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Zitat: Church And Office

Unless I'm way off base with my basic translating skills (and have completely forgotten how to perform an accurate Google search!), I believe the English word "quote" (used as a noun) is translated as "zitat" in German.

That will help to explain the strange "Z" word listed in the title of this post. That being said, I'm always keeping my eyes and ears open for good Lutheran quotes that encourage deeper study of God's Word and His Church. Here's the latest.

It has to do with the issue of Church and Office, but specifically with what we read in the Augsburg Confession, Article XIV that reads: "Of Ecclesiastical Order they teach that no one should publicly teach in the Church or administer the Sacraments unless he be regularly called."

You'll recall that I recently took my concerns about serving my local church as a "Lay Deacon" to both the Interim Pastor and the Board of Deacons. Well, a close brother in Christ caught wind of it this past week and genuinely wanted me to explain to him where I was coming from and why I felt so strongly about it.

Our discussions this week have led me to dig even deeper into this subject, and I have found that the more I do, the more I find to support the practice that only the Pastor should publicly preach and administer the Sacraments.

For instance, here's a statement I found from a man named Salomon Deyling (1677-1755) who was a theologian of Leipzig, or I guy I had never heard of until just a day ago.

"Just as the right to preach and administer the Sacraments belongs basically to the whole church, the public exercise of the same belongs [only] to [the church's] legitimately called ministers. Thus every member of the church [Kirche], as well as the whole congregation [together], has with equal right the Keys and power to teach, but only for private application and not for public and solemn use, so that there may be no disorder that would tear the church miserably to pieces. When [the church] gathers publicly, the the Keys are to be administered only by those on whom the whole church has conferred their exercise and use throughout the public call"

*- Salomon Deyling (Institutiones prudentiae pastoralis 3.4.7)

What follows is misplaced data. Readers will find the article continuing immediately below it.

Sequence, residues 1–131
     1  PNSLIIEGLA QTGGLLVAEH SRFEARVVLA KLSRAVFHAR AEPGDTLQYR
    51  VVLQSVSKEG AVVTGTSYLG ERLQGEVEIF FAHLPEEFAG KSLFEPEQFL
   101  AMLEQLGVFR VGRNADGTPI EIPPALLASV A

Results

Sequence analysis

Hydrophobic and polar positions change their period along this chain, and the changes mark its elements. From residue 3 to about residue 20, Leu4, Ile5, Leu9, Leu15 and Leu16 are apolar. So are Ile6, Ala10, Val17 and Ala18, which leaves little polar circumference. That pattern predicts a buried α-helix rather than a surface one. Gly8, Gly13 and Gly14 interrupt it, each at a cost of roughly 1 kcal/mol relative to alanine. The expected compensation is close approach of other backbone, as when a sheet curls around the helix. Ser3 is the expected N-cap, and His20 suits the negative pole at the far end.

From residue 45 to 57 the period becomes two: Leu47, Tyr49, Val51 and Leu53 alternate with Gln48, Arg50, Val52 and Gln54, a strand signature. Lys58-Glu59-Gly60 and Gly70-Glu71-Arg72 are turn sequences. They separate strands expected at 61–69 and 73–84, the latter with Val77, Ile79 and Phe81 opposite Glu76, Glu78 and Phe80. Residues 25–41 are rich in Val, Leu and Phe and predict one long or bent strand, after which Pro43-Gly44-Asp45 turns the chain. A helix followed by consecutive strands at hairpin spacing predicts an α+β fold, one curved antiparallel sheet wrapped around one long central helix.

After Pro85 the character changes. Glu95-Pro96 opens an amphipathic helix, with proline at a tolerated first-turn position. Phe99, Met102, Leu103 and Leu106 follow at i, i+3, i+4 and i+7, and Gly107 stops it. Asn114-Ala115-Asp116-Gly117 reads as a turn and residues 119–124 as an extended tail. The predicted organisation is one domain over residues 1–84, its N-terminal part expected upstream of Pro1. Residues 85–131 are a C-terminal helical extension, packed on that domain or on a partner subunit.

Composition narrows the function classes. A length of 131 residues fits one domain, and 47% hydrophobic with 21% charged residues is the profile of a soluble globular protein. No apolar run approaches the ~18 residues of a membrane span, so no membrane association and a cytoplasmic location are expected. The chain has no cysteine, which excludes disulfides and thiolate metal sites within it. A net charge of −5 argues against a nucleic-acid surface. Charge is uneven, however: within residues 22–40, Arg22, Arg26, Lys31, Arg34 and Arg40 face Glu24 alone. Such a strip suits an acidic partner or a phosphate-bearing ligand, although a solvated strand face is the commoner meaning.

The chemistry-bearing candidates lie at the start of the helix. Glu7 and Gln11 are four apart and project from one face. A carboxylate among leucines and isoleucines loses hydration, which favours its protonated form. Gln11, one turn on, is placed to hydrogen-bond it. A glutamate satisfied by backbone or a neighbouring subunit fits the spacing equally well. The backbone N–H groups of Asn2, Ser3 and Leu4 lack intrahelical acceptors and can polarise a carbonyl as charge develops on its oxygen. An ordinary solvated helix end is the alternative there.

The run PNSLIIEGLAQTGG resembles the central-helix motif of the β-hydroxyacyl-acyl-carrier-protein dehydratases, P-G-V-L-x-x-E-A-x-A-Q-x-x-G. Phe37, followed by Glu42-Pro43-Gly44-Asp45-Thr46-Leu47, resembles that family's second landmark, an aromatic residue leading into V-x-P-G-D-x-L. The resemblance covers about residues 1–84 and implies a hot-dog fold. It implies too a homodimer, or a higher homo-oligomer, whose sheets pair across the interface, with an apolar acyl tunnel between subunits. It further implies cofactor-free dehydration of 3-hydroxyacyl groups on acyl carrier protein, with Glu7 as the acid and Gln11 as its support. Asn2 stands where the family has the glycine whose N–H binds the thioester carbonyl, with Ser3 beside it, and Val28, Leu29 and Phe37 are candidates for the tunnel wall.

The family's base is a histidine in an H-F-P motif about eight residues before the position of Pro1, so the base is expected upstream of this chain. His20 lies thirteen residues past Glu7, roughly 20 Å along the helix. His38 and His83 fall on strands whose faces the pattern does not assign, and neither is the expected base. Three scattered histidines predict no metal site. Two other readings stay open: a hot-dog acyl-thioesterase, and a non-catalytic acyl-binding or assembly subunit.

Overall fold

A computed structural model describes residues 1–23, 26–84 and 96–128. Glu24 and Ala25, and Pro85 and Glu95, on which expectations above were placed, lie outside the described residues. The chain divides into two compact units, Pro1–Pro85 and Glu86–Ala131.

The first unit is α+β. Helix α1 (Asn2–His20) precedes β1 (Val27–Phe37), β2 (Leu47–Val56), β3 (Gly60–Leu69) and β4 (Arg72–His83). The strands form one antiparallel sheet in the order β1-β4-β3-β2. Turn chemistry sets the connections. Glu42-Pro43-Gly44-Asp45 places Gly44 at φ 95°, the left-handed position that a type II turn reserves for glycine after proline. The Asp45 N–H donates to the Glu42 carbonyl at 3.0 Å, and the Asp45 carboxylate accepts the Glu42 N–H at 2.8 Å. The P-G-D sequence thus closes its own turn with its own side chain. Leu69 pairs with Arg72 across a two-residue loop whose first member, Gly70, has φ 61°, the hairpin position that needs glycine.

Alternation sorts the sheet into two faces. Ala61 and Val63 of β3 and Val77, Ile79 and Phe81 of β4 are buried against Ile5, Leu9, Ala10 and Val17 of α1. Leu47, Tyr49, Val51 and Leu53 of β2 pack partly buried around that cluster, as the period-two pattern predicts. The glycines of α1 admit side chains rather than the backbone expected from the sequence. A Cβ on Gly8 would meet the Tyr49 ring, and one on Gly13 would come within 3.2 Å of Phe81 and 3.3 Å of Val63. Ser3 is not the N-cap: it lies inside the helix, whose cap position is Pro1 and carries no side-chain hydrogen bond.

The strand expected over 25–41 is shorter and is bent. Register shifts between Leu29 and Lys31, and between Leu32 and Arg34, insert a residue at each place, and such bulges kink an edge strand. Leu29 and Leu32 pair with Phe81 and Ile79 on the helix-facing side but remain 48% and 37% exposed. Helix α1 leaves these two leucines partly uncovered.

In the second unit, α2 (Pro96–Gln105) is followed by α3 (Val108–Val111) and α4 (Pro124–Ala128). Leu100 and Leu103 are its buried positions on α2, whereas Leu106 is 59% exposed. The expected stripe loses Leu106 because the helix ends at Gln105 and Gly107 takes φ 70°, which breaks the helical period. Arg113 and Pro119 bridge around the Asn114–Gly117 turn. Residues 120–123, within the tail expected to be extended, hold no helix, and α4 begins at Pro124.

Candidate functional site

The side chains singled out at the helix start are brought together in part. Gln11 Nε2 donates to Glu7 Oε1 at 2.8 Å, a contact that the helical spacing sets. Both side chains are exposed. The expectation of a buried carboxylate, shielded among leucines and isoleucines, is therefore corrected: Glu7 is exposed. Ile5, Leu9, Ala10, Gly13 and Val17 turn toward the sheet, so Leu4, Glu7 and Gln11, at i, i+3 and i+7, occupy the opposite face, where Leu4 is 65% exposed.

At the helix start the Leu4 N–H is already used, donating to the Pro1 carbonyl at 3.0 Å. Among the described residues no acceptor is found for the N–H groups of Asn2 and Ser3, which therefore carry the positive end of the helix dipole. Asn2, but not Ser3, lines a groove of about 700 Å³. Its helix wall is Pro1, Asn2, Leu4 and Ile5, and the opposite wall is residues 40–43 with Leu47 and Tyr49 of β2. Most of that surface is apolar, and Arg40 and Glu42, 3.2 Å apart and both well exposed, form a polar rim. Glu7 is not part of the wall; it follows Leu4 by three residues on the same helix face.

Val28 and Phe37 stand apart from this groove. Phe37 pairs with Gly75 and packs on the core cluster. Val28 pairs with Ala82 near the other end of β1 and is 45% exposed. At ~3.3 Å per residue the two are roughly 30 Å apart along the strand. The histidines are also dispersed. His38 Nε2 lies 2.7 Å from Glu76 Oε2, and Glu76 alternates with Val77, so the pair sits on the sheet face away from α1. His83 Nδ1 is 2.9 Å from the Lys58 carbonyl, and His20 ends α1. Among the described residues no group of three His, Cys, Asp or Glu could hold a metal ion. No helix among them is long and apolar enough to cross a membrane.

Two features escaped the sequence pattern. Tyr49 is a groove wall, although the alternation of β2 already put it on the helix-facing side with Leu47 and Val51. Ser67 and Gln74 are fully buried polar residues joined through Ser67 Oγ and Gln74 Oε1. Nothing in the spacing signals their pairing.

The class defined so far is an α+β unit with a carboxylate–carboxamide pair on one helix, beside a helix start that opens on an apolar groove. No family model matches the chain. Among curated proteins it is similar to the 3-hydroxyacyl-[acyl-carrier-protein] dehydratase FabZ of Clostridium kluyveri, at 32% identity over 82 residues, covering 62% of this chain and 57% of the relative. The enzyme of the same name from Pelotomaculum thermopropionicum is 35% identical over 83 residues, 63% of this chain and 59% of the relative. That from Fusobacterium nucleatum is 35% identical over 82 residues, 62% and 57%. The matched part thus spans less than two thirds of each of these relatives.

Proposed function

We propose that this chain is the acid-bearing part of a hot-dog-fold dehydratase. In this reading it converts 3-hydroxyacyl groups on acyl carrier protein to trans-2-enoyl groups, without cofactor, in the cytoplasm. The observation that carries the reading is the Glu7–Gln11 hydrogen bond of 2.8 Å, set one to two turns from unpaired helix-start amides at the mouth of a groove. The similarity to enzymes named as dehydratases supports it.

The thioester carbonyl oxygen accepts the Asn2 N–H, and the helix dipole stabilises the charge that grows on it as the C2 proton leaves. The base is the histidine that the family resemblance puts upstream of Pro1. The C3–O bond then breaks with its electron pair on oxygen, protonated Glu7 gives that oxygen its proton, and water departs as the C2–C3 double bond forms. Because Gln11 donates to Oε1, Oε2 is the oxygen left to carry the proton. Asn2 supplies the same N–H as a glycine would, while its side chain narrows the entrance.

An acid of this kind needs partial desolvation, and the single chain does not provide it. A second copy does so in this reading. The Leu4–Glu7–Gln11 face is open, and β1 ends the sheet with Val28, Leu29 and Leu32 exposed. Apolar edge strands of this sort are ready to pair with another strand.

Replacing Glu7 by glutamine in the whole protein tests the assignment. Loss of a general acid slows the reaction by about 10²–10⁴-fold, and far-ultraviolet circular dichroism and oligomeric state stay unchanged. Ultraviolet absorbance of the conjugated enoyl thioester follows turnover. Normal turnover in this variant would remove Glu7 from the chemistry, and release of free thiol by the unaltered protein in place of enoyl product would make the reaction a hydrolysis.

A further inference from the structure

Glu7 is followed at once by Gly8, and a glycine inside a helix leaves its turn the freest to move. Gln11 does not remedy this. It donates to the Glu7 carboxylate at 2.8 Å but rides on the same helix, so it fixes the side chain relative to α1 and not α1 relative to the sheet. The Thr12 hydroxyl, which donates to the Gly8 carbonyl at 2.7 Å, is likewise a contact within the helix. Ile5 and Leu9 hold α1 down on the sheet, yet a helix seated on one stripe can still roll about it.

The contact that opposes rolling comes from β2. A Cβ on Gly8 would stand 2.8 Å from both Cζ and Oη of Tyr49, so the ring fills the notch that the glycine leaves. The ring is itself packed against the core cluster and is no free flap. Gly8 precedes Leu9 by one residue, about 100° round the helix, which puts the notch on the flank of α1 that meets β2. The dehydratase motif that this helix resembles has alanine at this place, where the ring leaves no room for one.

The Church & The Office of The Ministry C.F.W. Walther
Matthew C. Harrison, Editor,
A Study Edition

Personally, I think the divinely inspired Apostle Paul was quite clear in Romans 12.

Romans 12:4-5 (ESV) 4 For as in one body we have many members,e and the members do not all have the same function, 5 so we, though many, are one body in Christ, and individually members one of another.

This understanding of the inter-working of the church as the Body of Christ is basic to all relationships in the church, including the role of the Pastor to the parish that has been entrusted to his care, or his relationship to the various manifestations of the Body of Christ.

Believers are not autonomous, individualistic entities either, but they certainly cannot usurp another person's role. Each believer is united to Christ, the Head of the Church, from whom every gift and authority in the Church comes.

Christ and His love controls all that is done in His Name. He is the unifying factor in all the activities of the church. This is true of the local congregation as it functions as the Body of Christ. Individual members work together in harmony "for the common good" (1 Corinthians 12:7) so that united under the one Head, Christ, God may be glorified.

The church, under Scripture and the Lutheran Confessions, should conserve and promote the unity of the true faith (Ephesians 4:3–6; 1 Corinthians 1:10), work through its official structure toward fellowship with other orthodox church bodies, and provide a united defense against schism, sectarianism (Romans 16:17), and heresy. In addition, the church should also encourage congregations to strive for uniformity in church practice, which is in harmony with our common profession of faith.